Anyway, back to the tournament. Our wrestlers should have placed much higher than many of them did. About half of our guys placed either 3rd or 5th. There were multiple matches where our they made simple mistakes, which cost them the match. We have got some work to do when we get back from Christmas break. We have been drilling stand-ups, arm bars, and throws, but as soon as they get on the mat it seems like they forget everything we've drilled during practice. As I said before, we did well, but we should have done much better. After the tournament, they had an awards ceremony, where we received our 3rd place plaque.

I look forward to many more tournaments and duals with Liberty's wrestling team. It gives me a sense of accomplishment when I work with a kid in the wrestling room and see them succeed on the mat. There is something genuinely special about coaching that an individual cannot understand by teaching alone. Coaching allows you to see and interact with the students in a completely different environment and atmosphere, which helps establish and maintain those bonds in the classroom. It was always a highlight of my day when one of my wrestlers called me "coach" during class, rather than "Mr. Summit," which is what everyone calls me. I love teaching and I love coaching, there is no other job in the world that comes close to having the impact that teachers make in children's lives.

19 December 2008

The Destructive War

Currently, I am reading a book called The Destructive War by Charles Royster, which tells of the destructiveness of the Civil War. The back cover reads, "From the moment the Civil War began, partisans on both sides were calling not just for a victory but for extermination. And both sides found leaders who would oblige. In this vivid and fearfully persuasive book, Charles Royster looks at W.T. Sherman and Stonewall Jackson, the men who came to embody the apocalyptic passions of North and South, and re-creates their characters, their stages, and the feelings they inspired in their countrymen. At once and incisive dual biography, hypnotically engrossing military history, and a cautionary examination of the American penchant for patriotic bloodshed, The Destructive War is a work of enormous power."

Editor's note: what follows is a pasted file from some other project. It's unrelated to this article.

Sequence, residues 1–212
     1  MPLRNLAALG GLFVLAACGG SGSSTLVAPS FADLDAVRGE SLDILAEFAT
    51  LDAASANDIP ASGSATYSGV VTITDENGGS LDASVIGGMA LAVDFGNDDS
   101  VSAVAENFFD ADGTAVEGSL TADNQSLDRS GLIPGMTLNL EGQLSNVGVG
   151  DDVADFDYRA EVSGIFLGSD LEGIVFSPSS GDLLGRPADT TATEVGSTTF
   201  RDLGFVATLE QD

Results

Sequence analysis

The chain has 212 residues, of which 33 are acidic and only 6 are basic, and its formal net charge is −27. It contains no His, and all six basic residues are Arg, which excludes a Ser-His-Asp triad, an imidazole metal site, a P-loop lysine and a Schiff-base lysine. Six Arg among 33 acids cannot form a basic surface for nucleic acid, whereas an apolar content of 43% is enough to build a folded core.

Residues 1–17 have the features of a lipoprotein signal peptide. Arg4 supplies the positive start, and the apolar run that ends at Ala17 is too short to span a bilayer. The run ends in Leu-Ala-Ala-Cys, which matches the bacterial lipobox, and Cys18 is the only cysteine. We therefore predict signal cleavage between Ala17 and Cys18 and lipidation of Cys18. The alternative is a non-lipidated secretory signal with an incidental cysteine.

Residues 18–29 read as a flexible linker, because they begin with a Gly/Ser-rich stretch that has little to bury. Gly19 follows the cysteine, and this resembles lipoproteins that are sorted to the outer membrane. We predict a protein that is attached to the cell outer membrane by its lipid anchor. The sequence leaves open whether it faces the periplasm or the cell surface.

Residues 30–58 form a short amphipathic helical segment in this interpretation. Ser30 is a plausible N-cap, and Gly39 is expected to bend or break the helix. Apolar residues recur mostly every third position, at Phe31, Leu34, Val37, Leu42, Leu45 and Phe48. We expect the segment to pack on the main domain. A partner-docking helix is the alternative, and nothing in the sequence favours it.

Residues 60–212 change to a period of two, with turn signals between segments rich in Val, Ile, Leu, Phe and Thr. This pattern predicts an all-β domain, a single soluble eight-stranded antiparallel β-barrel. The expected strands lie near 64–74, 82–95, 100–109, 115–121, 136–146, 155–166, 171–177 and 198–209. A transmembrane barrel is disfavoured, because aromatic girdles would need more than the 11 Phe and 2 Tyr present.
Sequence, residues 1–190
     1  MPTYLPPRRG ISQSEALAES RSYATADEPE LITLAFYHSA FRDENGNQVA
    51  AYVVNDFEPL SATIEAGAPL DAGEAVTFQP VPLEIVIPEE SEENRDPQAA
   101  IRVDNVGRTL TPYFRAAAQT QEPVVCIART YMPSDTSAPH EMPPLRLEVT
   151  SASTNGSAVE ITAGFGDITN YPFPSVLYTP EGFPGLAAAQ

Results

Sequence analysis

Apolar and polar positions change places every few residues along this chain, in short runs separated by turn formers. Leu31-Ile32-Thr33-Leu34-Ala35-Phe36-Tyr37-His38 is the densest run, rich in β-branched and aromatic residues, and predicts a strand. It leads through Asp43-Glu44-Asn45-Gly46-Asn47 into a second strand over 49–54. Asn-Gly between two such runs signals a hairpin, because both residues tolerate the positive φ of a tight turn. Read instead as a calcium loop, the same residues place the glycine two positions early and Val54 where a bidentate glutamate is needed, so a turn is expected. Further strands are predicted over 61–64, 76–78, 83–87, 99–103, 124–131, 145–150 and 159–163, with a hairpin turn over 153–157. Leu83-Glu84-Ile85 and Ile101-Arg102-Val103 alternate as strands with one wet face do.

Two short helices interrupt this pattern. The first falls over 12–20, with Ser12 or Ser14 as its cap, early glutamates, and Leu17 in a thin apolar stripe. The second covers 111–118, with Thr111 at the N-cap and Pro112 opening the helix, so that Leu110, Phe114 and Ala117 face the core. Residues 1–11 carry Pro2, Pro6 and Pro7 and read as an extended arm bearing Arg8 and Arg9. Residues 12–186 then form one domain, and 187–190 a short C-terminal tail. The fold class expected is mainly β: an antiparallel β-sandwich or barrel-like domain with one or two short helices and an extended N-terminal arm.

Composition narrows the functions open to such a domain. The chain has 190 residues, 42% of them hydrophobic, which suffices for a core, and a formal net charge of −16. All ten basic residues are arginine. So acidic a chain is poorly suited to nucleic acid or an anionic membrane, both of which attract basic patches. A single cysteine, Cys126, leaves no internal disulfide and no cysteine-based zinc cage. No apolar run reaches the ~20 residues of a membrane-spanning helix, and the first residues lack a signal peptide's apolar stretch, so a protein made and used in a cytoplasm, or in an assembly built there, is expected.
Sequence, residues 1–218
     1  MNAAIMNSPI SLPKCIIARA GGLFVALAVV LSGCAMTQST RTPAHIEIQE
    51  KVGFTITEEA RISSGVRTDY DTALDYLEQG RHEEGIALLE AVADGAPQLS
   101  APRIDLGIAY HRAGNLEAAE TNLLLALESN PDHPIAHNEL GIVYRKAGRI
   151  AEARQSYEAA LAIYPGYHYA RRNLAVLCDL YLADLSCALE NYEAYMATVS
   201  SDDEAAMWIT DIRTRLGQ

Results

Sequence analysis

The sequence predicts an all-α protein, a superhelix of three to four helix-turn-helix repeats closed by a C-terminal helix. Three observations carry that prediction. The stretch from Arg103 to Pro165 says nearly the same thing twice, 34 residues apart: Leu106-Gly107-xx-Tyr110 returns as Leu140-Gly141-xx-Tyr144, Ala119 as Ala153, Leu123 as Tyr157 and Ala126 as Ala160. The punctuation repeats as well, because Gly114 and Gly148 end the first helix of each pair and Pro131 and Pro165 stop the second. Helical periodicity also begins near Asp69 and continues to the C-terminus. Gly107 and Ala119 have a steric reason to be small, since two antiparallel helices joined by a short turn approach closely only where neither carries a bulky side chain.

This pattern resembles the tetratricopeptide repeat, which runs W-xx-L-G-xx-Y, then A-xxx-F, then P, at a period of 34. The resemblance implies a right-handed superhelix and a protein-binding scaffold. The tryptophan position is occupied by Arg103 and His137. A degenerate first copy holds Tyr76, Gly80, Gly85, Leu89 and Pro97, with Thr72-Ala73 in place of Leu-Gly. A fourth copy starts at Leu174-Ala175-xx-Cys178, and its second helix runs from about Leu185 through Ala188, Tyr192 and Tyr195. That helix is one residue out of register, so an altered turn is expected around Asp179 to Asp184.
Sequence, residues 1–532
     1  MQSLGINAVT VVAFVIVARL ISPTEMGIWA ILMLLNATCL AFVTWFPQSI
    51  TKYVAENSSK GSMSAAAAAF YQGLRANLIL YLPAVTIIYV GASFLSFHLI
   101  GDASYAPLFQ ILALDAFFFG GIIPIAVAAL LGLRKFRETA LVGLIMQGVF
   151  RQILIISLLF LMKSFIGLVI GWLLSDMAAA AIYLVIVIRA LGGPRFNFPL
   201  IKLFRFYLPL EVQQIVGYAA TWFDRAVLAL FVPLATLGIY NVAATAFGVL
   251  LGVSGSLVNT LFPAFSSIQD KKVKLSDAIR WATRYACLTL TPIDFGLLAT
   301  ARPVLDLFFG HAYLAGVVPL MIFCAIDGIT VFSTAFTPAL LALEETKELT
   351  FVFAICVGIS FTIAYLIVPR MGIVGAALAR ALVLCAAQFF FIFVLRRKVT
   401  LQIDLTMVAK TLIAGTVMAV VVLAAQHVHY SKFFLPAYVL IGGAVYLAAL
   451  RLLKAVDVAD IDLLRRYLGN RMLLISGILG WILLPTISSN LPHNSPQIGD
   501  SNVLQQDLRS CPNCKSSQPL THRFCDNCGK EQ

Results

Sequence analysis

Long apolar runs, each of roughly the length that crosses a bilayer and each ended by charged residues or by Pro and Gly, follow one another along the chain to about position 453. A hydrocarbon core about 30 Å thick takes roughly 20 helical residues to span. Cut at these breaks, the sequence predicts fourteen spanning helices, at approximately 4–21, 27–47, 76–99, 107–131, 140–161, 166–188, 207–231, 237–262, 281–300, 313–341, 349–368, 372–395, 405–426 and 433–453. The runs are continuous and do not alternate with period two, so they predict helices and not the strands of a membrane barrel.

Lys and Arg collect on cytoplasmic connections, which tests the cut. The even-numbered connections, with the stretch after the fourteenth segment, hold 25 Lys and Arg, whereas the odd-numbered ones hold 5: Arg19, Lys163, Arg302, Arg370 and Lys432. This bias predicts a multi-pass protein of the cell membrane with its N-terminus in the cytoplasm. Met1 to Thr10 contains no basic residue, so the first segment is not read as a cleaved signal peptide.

I would agree that Royster spends a significant portion of the book describing the character and background of the two key Generals, but I would disagree that the book is "a work of enormous power." I have found the book enjoyable to read and he does provide a great detail of military history within the pages of the book. Currently, I am on page 150 of 417, if you don't count the 100 pages of notes at the end.

Royster brings up a good point that I had not considered when studying the Civil War in college. That is the underlying question of the war, which many have said was slavery. The south needed slavery to survive in their agricultural society, because the white southerners could not afford to loose the free labor. However, Royster argues that it was not the question of slavery, nor race relations, or the political cultures of the two, but that "the central question was whether or not citizens would place loyalty to the nation and obedience to its government ahead of all other loyalties" (Royster, pg. 139). The point I believe he is making is that many individuals, especially in the South, were more loyal to their state than to the nation as a whole. Robert E. Lee would not take command of the Union Army because his loyalties remain with his home state of Virginia, which was seceding from the Union. So then, the question of where ones loyalties lied became the true underlying question of the Civil War, according to Charles Royster.